Monday, October 18, 2010


The following comment was written on "Social Commerce Today" blog. The article was entitled: How Social Commerce Works: The Social Psychology of Social Shopping.

 I thought this was a great article and it brought to light several issues that consumers deal with. Your article did a great job on applying theories to actual phenomenon occurring today. For example your “follow the crowd theorem,” made me analyze several factors that influence our buying action. I believe the iPhone is one item that many people purchased just because the “crowd” was doing the same. I tend to be annoyed by those who do things just because everyone else is doing them. But your article is helping me be a bit more understanding. The social media aspect of marketing has become so crucial because when items are “recommended” by others or we see things as top-rated, the consumer is more inclined to buy those items.

The power of social media and the media in general is playing such a prominent role and your article helps address this. You’ve provided many classic experiments that made me realize the extent to which an individual can be psychologically manipulated. Your article made me recall an episode of the Tonight Show with Conan o Brien where he told his viewers to purchase frivolous, random items (Steven Segal CD, chicken calendar). To his surprise, he attained a huge following and people actually bought what he told them to buy. He then began to recommend items every week. The success of his campaign was apparent when you looked at the “Customers Who Bought This Item Also Bought…”section; all of them were listed. This just goes to show the power of influence.
Here is the second comment in response to Scientists Find that Low Self-Esteem & Materialism Goes Hand in Hand.  

I think it is extremely unfortunate that materialism affects young children the way it does. Kids are peer pressured into giving into the latest crazes, simply because their friends deem it to be cool.   Unfortunately, if self-esteem is never learned then these habits carry on to adulthood.  I am currently doing research on materialism and its relation to self-esteem.  Your article brought to light that the cost of materialism far extends the cost of the material item itself.  Self-esteem and feelings of self-worth may be far more damaging.  The cost to the environment is another giant to tackle.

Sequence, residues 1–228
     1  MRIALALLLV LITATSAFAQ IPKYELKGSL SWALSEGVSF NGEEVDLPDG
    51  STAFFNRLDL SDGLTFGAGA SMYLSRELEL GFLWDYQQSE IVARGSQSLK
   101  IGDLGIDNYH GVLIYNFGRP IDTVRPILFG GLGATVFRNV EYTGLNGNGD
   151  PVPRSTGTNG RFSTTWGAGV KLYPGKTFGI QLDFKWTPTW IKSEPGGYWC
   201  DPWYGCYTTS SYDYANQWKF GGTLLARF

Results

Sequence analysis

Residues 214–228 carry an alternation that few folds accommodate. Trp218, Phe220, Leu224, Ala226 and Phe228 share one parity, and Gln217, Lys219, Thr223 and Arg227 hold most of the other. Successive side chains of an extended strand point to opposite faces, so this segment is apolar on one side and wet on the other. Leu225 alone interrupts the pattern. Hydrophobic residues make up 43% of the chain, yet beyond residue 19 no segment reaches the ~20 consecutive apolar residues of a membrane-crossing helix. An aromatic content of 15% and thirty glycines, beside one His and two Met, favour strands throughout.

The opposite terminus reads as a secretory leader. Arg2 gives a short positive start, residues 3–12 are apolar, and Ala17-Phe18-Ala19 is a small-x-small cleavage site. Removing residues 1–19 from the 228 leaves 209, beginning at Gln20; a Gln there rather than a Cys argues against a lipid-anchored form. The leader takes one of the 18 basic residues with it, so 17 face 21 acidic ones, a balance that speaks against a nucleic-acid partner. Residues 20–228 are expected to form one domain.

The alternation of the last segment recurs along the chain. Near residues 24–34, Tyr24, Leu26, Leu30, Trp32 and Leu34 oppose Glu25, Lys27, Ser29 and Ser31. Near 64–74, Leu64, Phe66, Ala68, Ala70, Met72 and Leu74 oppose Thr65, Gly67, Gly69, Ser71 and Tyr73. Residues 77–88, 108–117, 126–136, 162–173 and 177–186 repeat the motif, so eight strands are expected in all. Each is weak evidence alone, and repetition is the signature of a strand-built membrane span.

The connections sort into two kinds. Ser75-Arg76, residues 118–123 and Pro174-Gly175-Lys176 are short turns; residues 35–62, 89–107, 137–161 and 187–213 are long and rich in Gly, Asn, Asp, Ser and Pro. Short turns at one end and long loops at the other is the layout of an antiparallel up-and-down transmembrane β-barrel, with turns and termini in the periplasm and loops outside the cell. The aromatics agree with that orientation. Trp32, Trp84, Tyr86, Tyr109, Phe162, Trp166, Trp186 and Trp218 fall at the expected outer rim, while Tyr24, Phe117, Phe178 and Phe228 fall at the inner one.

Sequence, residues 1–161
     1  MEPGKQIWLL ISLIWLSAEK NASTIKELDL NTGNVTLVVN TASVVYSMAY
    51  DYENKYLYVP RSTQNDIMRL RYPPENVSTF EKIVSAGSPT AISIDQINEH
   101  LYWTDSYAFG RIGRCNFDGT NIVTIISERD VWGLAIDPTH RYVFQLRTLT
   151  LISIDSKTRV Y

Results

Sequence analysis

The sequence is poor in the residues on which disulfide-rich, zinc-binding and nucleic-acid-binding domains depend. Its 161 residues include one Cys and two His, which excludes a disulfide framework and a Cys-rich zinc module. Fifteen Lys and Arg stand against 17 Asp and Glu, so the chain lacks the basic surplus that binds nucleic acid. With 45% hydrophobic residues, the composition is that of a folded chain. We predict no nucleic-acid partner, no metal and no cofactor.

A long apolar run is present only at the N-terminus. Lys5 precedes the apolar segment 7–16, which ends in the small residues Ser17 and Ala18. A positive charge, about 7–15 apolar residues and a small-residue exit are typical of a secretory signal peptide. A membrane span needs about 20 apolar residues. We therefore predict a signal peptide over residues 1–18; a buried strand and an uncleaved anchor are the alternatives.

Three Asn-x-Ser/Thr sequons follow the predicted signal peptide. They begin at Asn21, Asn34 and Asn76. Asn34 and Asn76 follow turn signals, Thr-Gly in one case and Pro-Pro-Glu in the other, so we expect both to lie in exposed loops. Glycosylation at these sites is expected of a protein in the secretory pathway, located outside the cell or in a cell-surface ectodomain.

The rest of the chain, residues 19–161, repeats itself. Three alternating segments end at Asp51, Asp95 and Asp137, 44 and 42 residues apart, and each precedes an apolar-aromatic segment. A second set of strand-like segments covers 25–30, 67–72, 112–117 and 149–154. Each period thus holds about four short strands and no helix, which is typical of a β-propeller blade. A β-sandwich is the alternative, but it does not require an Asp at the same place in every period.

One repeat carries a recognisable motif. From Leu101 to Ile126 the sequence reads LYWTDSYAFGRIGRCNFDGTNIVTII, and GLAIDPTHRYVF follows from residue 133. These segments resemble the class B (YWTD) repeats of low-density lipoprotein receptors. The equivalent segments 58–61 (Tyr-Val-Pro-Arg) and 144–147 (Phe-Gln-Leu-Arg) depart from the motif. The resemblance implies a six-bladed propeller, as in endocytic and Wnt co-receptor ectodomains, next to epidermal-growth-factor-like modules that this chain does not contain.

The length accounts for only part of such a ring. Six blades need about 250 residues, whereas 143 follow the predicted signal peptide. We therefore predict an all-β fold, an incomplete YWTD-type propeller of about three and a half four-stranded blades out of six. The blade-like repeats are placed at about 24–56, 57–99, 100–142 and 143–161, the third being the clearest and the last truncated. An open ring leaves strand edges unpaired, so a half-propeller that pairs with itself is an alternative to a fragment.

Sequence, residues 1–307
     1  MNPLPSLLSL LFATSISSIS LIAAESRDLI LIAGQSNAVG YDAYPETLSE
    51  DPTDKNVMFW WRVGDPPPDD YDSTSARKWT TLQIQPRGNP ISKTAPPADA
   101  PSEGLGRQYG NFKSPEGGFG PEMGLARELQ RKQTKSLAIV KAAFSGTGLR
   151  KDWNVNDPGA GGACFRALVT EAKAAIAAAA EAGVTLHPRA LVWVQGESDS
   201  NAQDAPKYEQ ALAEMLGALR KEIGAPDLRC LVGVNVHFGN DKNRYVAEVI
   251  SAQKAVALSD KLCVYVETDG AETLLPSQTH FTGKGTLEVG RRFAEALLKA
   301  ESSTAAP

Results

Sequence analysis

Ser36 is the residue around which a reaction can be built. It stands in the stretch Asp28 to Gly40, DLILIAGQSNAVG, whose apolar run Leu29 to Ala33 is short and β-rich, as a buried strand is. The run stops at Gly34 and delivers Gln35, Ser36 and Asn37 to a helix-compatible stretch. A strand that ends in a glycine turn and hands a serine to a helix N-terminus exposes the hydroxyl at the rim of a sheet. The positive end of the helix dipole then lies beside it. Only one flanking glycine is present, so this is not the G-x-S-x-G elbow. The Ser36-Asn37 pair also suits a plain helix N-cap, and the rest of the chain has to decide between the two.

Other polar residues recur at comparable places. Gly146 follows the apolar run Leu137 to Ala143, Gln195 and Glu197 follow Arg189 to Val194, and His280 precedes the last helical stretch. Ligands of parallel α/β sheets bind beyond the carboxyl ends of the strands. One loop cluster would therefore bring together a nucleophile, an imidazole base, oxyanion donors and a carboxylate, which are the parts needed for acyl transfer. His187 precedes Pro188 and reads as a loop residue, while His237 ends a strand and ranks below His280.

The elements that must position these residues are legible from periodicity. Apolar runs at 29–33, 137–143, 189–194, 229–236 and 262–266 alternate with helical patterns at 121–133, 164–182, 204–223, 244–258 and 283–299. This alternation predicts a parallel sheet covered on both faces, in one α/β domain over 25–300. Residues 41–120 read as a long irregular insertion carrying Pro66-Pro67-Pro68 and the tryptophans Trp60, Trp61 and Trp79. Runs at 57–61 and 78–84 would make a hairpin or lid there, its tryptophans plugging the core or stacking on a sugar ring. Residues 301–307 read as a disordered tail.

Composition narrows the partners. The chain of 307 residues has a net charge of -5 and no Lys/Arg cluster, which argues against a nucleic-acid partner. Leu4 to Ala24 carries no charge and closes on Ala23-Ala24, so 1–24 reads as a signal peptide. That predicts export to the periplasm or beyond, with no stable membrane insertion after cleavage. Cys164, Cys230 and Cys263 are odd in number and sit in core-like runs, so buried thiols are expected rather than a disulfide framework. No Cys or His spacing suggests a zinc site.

The issue of consumerism is really a double-edge sword.  As you mentioned above, purchasing is beneficial and healthy for the economy as a whole, but detrimental to the individual.  The hard part is finding a balance and means of self-control when faced with a purchasing dilemma.  There is definitely a link between esteem and impulse buying.  People compensate for their lack of self-worth through showing off their material goods.  But the momentary gratification soon fades and then they are left with little else.  We just need to remember that our personal value is intrinsic rather than extrinsic.

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